Of Peaks And Valleys

Much of the financial gambling class, (rich white boys on Wall Street mainly playing with other people’s money), keep talking of a V-shaped recovery from the current Trump Depression. (Expect they refuse to recognize the fact that we are in the Trump Depression.) I have a much different take on the current American economic situation and as is often the case I hope I’m wrong; but I doubt it. Let’s explore.

Labor/economic statistics by their inherent nature always are a snapshot from the past. We simply lack the methodology and resources to present real time credible statistics in those areas. With all that said, it is prudent to say the current unemployment rate is around 20% which is a Great Depression level. An economy is much like a house; it takes months to build but you can destroy it in minutes with a fire, bulldozer, natural disaster, etc. To expect the economy to have gone in the toilet in a matter of a few weeks and to rebound just as swiftly is insane. It’s not a light that you turn on with the flick of a switch. This was something between a wakeup call and knockout blow to most Americans and it is certain to modify their consuming behavior.

There is also what I will call the Twin Peaks theory. It says that we hit a peak in coronavirus deaths that will disappear for the summer and then we will have a similar peak in the winter after which everything will be fine and the economy will come roaring back.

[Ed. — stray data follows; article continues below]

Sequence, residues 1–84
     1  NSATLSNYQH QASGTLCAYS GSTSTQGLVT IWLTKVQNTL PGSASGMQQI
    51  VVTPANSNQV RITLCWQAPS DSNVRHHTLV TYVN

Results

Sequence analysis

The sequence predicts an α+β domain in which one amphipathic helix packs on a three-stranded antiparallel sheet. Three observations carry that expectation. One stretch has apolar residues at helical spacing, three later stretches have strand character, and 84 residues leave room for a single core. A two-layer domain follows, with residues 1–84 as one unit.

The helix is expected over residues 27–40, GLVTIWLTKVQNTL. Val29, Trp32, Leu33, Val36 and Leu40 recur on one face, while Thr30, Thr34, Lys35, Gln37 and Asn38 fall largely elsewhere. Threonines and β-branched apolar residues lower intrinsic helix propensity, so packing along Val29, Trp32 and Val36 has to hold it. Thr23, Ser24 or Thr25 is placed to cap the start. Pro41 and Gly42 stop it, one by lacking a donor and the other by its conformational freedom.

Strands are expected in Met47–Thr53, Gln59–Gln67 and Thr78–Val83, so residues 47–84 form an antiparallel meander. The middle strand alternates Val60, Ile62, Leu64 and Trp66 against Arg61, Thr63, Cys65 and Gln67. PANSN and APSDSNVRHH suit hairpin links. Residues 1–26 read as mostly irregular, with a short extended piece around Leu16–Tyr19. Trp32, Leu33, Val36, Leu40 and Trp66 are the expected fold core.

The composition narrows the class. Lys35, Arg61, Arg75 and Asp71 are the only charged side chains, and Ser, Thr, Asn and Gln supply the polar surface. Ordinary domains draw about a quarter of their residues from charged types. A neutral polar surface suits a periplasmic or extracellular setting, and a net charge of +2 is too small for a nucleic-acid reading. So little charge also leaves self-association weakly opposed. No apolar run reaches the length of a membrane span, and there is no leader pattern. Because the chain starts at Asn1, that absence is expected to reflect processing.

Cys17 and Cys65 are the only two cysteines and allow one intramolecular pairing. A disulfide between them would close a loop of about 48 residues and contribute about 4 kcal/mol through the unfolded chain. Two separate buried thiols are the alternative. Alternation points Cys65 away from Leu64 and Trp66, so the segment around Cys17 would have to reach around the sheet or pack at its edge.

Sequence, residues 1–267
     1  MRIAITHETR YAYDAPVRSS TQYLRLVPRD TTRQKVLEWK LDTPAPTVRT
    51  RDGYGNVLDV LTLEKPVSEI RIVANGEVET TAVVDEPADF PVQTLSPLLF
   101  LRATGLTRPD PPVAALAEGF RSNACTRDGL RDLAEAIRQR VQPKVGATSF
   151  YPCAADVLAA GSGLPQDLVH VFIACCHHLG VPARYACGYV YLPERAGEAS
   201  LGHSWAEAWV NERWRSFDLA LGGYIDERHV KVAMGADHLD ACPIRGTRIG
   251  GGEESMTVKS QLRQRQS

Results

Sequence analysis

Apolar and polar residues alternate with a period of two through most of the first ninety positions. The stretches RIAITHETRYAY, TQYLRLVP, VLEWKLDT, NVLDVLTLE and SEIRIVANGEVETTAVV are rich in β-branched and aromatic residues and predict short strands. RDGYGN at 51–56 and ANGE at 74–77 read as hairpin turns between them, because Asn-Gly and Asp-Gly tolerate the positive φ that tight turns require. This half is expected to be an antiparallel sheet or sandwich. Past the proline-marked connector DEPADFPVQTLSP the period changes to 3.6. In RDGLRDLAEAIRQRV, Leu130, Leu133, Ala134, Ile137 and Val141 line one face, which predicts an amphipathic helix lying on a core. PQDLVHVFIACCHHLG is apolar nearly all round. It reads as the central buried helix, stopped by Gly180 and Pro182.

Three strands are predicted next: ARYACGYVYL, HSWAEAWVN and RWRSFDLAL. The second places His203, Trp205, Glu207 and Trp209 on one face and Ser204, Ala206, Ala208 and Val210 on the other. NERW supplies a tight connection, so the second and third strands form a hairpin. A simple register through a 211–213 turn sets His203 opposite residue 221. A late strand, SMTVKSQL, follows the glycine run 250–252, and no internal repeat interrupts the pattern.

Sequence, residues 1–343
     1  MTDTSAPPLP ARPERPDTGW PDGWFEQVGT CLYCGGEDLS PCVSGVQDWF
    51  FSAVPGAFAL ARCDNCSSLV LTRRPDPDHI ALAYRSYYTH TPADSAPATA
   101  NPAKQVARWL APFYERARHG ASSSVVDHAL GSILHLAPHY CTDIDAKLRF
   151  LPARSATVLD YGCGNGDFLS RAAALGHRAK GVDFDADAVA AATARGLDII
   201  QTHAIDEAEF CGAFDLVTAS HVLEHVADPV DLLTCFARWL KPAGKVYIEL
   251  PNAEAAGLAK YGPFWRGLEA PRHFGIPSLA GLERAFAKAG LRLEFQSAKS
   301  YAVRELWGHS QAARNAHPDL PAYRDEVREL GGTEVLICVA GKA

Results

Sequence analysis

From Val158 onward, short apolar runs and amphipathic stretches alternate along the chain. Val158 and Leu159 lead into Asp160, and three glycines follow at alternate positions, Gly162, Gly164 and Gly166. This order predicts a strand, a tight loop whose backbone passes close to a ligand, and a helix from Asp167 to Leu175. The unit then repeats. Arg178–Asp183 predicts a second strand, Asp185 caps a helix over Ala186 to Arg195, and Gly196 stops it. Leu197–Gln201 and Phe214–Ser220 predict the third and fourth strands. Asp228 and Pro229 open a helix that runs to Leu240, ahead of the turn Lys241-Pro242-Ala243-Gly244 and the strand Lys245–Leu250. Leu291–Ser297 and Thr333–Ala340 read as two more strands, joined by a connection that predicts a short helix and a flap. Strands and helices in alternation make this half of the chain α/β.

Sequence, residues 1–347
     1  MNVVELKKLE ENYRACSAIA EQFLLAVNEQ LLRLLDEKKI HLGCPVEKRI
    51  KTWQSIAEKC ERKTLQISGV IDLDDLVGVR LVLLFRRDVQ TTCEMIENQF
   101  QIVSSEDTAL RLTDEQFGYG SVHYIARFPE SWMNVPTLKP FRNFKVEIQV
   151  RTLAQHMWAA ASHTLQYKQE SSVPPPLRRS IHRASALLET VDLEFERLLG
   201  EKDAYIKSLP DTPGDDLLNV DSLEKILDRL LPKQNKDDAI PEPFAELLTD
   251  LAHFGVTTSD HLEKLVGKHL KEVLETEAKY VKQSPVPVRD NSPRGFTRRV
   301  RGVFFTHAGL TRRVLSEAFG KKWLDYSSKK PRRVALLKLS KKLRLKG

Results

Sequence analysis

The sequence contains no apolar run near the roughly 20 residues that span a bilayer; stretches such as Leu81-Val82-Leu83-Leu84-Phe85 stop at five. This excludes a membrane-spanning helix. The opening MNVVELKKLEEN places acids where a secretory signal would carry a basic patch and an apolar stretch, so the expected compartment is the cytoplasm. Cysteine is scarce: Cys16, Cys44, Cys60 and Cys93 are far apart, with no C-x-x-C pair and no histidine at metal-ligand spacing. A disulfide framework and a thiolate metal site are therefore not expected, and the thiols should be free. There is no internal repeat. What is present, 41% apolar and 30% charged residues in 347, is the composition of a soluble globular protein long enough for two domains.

The first problem with this theory is that history tell us (what limited history there is that we can try to learn from) that the second peak is much larger. That shoots the entire “twin” part to pieces.

My fear is that the “reprieve” period may not really occur because too many of us already think and act like it is over. It is not!

Even if the Twin peaks model is somewhat correct put yourself in the position of a business owner; particularly a mom and pop operation. Are you willing to gear up to a full scale opening with all its inherent costs if you are uncertain as to consumer demand and how long you can go until you are forced to shut down or dramatically scale back again?

Think of yourself as a worker/consumer in the situation outlined in the above paragraph. Are you willing to start spending like everything is fine and will be for the foreseeable future?

Until we get the coronavirus pandemic under control – and that includes sufficient and readily available testing in addition to a widely distributed, affordable and available vaccine – I think we are looking at a curve that more closely resembles a mountain range and we are currently just in the foothills.

Since this is essentially an economics article here are the bottom lines: You can’t force consumers to spend and if they aren’t comfortable there will not be sufficient demand to fuel a comeback. You can (and the right wing is) basically force workers to return to work but you can’t force them to stay alive. If you lack a sufficient able workforce you can’t create sufficient supply. So, even if you still believe in the long disproven supply side economic theories it still won’t work.

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